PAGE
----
Woman protects her hearing with ear muffs while doing yardwork.

Eating right and protecting your hearing have some parallels. It sounds smart, but not many of us have a good concept of where to start. If there aren’t any obvious noise risks and you don’t consider your daily environment to be particularly loud, this is especially true. But everyday life can put stress on your ears and your senses, so practicing these hearing protection tips can help maintain your auditory acuity.

If you want to continue to enjoy the sounds around you, you need to do everything you can to slow down the degeneration of your hearing.

Tip 1: Hearing Protection You Can Wear

The most simple and sensible way that you can safeguard your ears is to protect your ears. This means taking basic steps to diminish the amount of loud and damaging noises you’re exposed to.

For many people, this will mean wearing ear protection when it’s warranted. Hearing protection normally comes in two basic forms:

  • Ear Plugs, which are put in the ear canal.
  • Ear Muffs, which are placed over the ears.

Neither form of hearing protection is inherently better than the other. Each style has its advantages. What’s important is that you find some hearing protection that you feel comfortable wearing.

Tip 2: When Sound Gets Dangerous, be Aware of It

But when to use hearing protection is the question. Noise that is painful is commonly regarded as harmful. But in reality, sounds can start to damage your hearing at a much lower level than you might expect. The sounds of traffic, for instance, are loud enough to begin injuring your hearing after only a couple of hours. A vital step in safeguarding your hearing, then, is knowing when sound becomes dangerous.

The following threshold is when sound becomes dangerous:

  • 85 decibels (dB): After around two hours this level of sound is harmful.This is the volume of sound you’d expect from a busy city street or your hairdryer.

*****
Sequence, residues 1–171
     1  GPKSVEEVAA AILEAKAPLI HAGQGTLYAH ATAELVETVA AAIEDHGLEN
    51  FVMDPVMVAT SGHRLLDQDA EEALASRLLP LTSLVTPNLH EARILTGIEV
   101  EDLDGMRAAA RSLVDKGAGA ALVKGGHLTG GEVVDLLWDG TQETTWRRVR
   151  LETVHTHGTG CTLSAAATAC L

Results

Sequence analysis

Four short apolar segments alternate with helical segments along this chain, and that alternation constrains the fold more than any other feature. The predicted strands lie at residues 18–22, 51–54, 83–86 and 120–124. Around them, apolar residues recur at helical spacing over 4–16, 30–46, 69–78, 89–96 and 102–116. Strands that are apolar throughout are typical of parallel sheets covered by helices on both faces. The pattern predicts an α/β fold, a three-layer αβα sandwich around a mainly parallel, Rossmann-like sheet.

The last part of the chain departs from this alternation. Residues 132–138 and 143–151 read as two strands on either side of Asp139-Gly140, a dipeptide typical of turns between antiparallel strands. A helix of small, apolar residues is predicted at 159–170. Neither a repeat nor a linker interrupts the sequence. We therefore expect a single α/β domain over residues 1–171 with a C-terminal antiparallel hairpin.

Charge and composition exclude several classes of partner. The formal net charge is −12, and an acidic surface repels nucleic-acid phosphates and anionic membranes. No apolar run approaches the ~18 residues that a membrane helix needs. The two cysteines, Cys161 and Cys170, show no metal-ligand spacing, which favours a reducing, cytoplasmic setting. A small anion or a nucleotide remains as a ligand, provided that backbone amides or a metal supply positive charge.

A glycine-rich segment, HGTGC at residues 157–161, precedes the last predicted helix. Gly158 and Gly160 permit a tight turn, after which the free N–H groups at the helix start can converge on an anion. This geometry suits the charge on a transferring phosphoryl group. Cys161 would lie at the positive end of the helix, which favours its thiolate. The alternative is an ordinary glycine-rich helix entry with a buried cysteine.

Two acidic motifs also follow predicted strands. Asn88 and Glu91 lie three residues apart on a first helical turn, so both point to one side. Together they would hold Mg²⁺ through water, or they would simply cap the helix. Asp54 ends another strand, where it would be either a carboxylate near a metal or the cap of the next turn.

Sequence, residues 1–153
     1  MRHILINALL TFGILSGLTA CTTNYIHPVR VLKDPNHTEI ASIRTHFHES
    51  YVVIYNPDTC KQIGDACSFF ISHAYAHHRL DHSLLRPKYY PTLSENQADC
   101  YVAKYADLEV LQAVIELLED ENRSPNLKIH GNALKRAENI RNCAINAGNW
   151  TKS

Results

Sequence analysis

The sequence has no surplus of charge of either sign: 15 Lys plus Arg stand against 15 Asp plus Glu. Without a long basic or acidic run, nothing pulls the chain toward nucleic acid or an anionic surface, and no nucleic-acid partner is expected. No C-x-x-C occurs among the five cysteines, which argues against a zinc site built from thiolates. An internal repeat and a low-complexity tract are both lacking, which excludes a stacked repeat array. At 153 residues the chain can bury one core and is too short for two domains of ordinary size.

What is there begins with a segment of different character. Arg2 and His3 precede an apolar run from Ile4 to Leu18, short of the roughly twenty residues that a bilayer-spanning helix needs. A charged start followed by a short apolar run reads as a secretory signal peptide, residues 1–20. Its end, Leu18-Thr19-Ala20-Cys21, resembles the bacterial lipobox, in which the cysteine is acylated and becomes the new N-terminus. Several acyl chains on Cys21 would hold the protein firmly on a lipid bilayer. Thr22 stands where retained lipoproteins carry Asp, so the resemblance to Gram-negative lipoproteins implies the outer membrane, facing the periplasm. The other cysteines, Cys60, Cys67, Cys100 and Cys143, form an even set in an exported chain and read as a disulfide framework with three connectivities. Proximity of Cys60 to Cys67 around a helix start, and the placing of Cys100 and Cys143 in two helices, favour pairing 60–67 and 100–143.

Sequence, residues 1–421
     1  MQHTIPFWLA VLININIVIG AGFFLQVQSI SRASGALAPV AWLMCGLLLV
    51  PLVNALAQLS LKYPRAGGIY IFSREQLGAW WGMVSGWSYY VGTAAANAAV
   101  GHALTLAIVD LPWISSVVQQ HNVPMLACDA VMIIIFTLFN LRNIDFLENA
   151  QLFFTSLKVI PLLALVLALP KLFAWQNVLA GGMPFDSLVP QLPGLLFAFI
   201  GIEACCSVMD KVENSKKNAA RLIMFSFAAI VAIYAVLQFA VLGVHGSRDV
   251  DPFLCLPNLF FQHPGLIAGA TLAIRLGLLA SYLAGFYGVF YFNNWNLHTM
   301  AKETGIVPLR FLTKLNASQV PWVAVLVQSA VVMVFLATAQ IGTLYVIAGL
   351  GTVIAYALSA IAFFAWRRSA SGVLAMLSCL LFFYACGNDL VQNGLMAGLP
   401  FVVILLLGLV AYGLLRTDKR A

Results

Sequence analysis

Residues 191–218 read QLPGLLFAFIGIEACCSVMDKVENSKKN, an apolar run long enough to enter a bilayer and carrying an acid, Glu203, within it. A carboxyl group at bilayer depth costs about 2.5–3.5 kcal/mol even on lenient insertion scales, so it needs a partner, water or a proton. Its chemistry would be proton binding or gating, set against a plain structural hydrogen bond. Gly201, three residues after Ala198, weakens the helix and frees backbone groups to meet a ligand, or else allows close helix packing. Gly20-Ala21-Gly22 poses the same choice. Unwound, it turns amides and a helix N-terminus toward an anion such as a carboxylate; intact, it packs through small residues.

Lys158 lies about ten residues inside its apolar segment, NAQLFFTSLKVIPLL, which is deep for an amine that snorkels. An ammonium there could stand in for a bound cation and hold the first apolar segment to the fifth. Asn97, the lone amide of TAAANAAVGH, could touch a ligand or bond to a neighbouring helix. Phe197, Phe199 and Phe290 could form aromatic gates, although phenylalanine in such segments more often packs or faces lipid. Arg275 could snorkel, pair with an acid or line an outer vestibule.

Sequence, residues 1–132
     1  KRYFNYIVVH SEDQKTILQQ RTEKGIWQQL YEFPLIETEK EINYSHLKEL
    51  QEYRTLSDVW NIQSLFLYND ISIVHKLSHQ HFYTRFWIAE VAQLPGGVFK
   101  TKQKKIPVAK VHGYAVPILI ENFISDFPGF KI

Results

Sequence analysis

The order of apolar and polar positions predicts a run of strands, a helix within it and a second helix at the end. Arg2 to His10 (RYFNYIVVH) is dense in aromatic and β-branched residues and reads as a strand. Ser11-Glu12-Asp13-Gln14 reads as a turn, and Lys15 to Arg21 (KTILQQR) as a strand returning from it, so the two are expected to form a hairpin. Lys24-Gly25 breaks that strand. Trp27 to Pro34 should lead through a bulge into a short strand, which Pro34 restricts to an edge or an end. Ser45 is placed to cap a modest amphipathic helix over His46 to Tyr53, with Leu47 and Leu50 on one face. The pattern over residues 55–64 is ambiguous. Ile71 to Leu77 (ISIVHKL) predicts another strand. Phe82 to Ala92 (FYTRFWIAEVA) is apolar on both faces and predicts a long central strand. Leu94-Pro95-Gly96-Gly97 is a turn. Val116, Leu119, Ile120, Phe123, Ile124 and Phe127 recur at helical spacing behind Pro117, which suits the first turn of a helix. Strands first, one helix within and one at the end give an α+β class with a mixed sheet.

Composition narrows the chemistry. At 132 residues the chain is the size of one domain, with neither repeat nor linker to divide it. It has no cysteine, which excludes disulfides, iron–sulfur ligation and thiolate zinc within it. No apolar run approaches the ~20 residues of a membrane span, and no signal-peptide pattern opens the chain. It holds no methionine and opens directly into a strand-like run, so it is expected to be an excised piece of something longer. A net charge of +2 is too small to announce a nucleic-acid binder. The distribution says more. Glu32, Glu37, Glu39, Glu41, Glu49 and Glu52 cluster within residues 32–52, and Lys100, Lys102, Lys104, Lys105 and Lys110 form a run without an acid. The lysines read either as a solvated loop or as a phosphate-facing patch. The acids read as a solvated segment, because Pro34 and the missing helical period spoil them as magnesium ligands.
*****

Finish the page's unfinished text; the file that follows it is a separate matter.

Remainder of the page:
• Over 100 dB: This is where you can damage your hearing very rapidly. Anything over this threshold can injure your hearing in minutes or seconds. As an example, jet engines and rock concerts will damage your ears in 30 seconds.
  • 95-100 dB: This is the typical level of your earbuds or the level of farm equipment. After about 15-20 minutes this volume of noise becomes harmful.

Tip 3: Turn Your Phone Into a Sound Meter

We can take precautions to minimize our exposure, now that we have an idea of what volumes will be dangerous. The trick is that, once you’re out in the real world, it can be challenging to determine what’s loud and what isn’t.

That’s where your smartphone can become a handy little tool. There are dozens of apps for iPhone, Android, and everything in between that turn your device’s microphone into a sound meter.

In order to get an idea of what hazardous levels of noise actually sound like, use your sound meter to confirm the decibel level of everything you are hearing.

Tip 4: Monitor Your Volume Buttons

The majority of people today listen to music using their phone or smart device, and they usually use earbuds while they do it. This sets up a risky situation for your hearing. Over years of use, earbuds set to a substantially high level can cause considerable injury to your ears.

That’s why protecting your hearing means keeping a focused eye on your volume control. In order to drown out sounds somewhere else, you should never increase the volume. in order to make certain that volume doesn’t get too high, we suggest using volume configurations or app settings.

If your hearing begins to wane, earbuds can become something of a negative feedback loop; in order to make up for your faltering hearing, you may find yourself constantly rising the volume of your earbuds, and in the process doing more damage to your hearing.

Tip 5: Get Your Hearing Checked

You might think that getting a hearing exam is something you do only when your hearing starts to decline. The issue is that it’s not always easy to detect a problem in your hearing without a standard to compare results to.

Creating data that can be used for both diagnostic purposes and for treatment can best be accomplished by scheduling a hearing examination and screening. This will give you some extra context for future hearing choices and ear protection.

Pay Attention to Your Hearing

In a perfect world, protecting your hearing would be something you could do continuously without any difficulty. But there are always going to be obstacles. So safeguard your hearing when you can, as often as possible. You should also get your hearing examined routinely. Hopefully, these guidelines will help you get a good start.

The site information is for educational and informational purposes only and does not constitute medical advice. To receive personalized advice or treatment, schedule an appointment.

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